Compulsory voting could reduce political polarization in the US, study suggests

Students entering the polling station to cast their votes. Credit: Meredith Forrest at Clokey/University at Buffalo

Introducing compulsory voting in the United States and other majoritarian democracies, with meaningful and enforceable penalties for absenteeism, has the potential to reduce political polarization and protect democratic institutions from anti-democratic threats, a Buffalo political philosopher. According to a paper published by the university.

facts and evidence, published In the journal American Political Science Review Incorporates a reformulation of existing theoretical political models to show how a compulsory voting system can bridge the gap between the proposed policies of the two major political parties.

“a reason This is where candidates have to cater to extremists in their parties, who threaten to walk out unless their demands are met. Compulsory voting can push the party platform toward the center by reducing the ability of extremists to make such threats. This will directly reduce polarization,” says Alexandra Oprea, PhD, assistant professor of philosophy in UB’s Philosophy, Politics and Economics program, and first author of the paper.

“We need to be creative and consider options to increase turnout because the damage to democracy from political polarization is severe,” Oprea says.

Voting, often referred to as a citizen’s “duty”, has been largely voluntary since the beginning of Athenian democracy. But that is beginning to change, as many democracies have installed, tested or proposed compulsory voting systems.

27 countries around the world currently have compulsory voting, including Australia, Belgium and Peru. Another 12 countries have experimented with such systems. Canada, Britain and France recently introduced mandatory voting bills that failed to gain support.

In the US, former President Barack Obama endorsed a form of compulsory voting as a short-term solution to increase turnout among young people and those from low socioeconomic backgrounds and underrepresented groups. And there is a bill under consideration in Washington that would make voting mandatory in that state.

Compulsory voting refers to policies mandating turnout (voters can refuse to cast a valid ballot once at the polls) for a range of national and by-elections. Some mandatory voting systems are not enforced, while others carry fines of around $20 US for abstention. Empirical studies of mandatory voting show that turnout increases by 7 to 10 percentage points without implementation, anywhere from 14.5 to 18.5 percentage points with implementation.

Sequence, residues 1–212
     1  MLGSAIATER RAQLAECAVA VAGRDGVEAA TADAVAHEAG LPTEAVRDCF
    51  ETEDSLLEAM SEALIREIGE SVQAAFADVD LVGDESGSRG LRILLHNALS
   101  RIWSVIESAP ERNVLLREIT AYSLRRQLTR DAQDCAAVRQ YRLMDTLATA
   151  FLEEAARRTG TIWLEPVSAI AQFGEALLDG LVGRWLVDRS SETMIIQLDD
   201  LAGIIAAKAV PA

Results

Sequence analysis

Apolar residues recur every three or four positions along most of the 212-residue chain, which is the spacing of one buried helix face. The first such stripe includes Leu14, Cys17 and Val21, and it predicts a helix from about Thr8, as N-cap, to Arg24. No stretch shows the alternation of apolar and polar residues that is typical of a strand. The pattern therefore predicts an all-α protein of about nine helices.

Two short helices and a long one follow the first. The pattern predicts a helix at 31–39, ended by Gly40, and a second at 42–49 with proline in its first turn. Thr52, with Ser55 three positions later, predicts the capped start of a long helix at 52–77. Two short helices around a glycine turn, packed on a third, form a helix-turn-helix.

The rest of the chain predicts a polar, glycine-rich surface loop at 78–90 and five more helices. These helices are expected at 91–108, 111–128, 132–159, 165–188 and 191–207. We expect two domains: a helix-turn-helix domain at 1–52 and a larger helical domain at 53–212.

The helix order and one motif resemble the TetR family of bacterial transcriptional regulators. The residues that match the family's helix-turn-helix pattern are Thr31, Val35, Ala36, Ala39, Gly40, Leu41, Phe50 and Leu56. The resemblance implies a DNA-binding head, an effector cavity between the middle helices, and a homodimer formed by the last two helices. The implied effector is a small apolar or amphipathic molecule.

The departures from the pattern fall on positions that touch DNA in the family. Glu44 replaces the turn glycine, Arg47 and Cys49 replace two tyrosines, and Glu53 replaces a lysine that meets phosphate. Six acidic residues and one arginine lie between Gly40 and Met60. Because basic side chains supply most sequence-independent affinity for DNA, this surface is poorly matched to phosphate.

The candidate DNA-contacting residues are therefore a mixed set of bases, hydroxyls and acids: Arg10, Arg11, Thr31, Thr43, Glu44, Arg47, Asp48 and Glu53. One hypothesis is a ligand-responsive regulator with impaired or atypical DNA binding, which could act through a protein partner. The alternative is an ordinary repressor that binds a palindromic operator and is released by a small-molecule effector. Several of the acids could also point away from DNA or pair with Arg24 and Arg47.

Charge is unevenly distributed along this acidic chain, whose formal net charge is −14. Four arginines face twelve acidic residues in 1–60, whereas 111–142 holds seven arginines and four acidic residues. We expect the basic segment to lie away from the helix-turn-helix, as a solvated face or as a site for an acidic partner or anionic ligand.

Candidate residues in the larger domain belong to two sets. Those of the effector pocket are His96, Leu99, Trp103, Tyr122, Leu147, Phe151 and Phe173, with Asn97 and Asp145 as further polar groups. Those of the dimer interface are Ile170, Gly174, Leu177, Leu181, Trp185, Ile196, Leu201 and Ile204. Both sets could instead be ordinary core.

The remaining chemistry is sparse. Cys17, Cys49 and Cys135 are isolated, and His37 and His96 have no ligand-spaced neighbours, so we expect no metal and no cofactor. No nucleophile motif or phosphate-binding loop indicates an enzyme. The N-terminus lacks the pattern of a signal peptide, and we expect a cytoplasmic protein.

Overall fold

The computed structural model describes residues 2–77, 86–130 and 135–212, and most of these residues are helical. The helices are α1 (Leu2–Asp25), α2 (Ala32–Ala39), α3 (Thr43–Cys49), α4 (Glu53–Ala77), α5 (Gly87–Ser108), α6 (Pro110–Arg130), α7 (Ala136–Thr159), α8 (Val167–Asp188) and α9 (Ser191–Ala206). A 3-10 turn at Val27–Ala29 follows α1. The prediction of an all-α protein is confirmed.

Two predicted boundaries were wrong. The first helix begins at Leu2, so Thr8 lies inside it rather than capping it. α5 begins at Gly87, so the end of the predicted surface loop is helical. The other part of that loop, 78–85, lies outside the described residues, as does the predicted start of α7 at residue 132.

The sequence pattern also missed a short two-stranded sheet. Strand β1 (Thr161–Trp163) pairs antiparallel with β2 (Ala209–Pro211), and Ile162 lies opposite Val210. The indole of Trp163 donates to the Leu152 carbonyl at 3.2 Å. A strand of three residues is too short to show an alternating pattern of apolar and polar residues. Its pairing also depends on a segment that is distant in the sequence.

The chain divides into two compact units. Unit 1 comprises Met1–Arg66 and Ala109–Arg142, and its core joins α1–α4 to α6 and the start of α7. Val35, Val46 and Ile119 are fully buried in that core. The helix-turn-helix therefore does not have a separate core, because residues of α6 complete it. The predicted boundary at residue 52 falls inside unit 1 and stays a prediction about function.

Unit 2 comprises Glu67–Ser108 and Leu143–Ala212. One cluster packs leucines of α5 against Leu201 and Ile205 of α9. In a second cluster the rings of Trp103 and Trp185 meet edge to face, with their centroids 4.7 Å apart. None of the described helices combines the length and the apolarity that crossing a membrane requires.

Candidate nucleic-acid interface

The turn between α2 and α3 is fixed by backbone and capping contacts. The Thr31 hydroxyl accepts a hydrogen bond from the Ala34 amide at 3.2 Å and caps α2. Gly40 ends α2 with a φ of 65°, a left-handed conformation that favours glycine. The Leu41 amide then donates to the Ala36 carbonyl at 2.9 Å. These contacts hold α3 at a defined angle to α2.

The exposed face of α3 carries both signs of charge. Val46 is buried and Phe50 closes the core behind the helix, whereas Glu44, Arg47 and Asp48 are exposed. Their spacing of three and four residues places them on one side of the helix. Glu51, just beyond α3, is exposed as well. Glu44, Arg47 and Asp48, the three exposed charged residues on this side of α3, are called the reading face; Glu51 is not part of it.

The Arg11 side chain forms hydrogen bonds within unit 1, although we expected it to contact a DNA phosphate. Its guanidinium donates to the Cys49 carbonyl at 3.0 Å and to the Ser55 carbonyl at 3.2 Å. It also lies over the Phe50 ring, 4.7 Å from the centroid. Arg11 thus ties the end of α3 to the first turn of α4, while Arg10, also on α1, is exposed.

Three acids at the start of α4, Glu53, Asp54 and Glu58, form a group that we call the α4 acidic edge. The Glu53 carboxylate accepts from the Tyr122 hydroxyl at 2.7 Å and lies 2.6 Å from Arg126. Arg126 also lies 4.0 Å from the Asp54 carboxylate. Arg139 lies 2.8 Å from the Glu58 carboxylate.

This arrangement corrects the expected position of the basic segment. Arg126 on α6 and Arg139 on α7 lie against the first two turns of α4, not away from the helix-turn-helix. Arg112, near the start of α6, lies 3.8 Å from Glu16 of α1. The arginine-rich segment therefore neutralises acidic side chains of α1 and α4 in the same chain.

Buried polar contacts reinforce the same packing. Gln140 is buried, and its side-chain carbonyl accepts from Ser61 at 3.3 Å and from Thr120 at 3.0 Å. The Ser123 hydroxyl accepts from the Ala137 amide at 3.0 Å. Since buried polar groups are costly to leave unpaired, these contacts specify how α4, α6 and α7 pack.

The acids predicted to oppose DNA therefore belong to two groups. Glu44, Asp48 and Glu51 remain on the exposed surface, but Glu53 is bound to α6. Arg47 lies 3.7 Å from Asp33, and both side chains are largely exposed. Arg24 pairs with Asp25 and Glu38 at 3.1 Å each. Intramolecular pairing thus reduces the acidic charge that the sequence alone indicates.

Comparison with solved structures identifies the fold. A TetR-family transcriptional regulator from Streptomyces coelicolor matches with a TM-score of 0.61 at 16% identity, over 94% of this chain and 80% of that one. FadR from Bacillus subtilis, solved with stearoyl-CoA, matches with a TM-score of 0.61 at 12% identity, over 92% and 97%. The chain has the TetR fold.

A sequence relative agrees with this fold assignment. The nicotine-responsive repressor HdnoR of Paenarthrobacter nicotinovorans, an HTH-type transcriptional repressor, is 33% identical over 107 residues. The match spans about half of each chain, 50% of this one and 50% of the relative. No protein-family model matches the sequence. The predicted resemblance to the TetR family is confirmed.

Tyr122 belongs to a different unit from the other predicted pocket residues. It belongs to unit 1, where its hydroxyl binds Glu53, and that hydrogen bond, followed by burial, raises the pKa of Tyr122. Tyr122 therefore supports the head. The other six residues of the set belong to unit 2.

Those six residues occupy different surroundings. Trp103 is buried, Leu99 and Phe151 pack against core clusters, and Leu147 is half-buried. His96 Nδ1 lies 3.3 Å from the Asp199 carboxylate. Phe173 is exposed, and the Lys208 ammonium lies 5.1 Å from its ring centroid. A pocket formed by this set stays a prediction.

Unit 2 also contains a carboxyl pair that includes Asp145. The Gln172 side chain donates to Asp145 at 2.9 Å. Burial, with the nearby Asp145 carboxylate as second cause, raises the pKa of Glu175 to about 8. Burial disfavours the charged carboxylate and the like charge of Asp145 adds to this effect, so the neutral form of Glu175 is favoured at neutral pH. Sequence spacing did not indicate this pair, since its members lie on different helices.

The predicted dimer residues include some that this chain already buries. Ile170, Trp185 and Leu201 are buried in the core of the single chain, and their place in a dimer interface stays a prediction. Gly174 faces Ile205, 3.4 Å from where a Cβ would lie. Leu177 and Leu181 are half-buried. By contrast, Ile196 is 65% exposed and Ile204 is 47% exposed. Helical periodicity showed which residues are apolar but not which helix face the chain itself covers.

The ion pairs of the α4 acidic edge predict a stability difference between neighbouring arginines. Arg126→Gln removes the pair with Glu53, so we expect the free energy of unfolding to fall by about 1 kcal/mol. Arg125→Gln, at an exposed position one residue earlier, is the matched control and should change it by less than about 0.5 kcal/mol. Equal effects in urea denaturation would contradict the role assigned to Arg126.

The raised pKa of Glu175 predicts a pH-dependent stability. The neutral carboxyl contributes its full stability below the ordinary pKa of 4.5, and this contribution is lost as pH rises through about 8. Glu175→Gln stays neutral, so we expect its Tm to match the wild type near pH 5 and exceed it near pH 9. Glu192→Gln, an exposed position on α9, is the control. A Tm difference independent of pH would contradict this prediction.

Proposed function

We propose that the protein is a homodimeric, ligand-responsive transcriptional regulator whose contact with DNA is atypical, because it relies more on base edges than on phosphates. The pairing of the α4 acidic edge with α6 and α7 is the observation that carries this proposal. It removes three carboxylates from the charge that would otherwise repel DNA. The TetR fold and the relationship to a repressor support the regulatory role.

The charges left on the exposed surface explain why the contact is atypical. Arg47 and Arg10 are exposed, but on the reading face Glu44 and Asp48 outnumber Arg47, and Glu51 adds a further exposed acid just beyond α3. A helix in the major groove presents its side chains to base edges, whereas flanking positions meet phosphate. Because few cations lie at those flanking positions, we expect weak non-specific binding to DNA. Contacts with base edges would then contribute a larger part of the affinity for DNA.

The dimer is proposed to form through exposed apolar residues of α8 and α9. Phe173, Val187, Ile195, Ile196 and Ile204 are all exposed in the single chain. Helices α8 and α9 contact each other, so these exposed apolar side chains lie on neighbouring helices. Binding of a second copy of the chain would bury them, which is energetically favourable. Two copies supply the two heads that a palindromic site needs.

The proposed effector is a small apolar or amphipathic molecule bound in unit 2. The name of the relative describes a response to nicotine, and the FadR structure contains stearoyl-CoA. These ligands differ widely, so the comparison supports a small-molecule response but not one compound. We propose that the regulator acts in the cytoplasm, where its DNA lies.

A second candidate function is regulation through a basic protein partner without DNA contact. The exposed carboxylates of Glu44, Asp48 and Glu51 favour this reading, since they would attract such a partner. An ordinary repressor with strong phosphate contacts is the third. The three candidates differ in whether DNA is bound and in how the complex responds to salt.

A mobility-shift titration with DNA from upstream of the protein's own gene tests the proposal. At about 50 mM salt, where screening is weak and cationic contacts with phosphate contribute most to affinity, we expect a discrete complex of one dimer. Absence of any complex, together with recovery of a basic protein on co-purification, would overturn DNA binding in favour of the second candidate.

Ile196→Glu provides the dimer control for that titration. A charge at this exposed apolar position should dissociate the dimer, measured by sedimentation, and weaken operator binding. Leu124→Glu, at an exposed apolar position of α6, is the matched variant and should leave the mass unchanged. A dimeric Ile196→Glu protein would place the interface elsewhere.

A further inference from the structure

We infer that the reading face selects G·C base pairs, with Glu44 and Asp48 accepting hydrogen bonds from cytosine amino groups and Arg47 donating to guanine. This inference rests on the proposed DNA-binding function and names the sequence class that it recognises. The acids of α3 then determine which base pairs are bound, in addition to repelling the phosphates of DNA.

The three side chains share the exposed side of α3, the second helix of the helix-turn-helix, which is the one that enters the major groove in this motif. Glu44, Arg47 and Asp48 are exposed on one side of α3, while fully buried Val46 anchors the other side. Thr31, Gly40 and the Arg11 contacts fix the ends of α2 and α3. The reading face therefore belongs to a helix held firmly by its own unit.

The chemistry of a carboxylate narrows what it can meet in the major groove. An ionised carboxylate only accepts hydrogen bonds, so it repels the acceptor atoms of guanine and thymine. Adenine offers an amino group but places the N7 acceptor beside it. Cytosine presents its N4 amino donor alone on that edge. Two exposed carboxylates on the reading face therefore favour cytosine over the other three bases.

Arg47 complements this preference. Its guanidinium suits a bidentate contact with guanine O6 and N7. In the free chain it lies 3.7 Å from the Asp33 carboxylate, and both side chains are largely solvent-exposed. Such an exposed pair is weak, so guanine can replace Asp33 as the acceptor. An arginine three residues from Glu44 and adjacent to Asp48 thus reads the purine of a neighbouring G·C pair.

“The real idea is not that compulsory voting brings turnout to 100%. But adding 10 to 20% turnout to elections — especially In America, where turnout is particularly low—changes the political game entirely. Even 5% to 10% will make a significant difference,” says Oparia.

Oparia’s paper on the absence of extreme polarization in Australia began with co-authors Geoffrey Brennan, Ph.D., professor of philosophy at the Australian National University (who died before the paper was published) and Lucy Martin, Ph.D. It started with conversation. ., associate professor of political science at the University of North Carolina at Chapel Hill. They develop a theoretical model for voter abstention and discuss how it predicts that compulsory voting will increase turnout.

This paper runs theoretical simulations using three basic levels of turnout (40%, 50% and 60%) that cover the range of turnout seen in US congressional and presidential elections over the past two decades. Assuming a 16.5 percentage point increase in turnout (among empirical estimates), even suggesting a significant 22% reduction in polarization.

Enacting mandatory voting in the U.S., however, is unlikely, according to Oparia, who says such a proposal would face constitutional challenges, and it would be difficult to get every state on board.

But he believes it’s time for local and state governments to experiment with ways to increase turnout.

“We’ve experimented with ranked-choice voting, where voters rank candidates according to preference, and other experiments at the municipal level,” she says. “Our paper shows that compulsory voting would be worth trying, as long as governments can do it legally.

“Doing so will show evidence of what it can do.”

More information:
Alexandra Oprea et al., Moving to the Median: Compulsory Voting and Political Polarization, American Political Science Review (2024). DOI: 10.1017/S0003055423001399

Reference: Compulsory Voting Could Reduce Political Polarization in US, Study Finds (2024, February 16) Accessed February 17, 2024 at https://phys.org/news/2024-02-compulsory-voting-political-polarization. Retrieved from html

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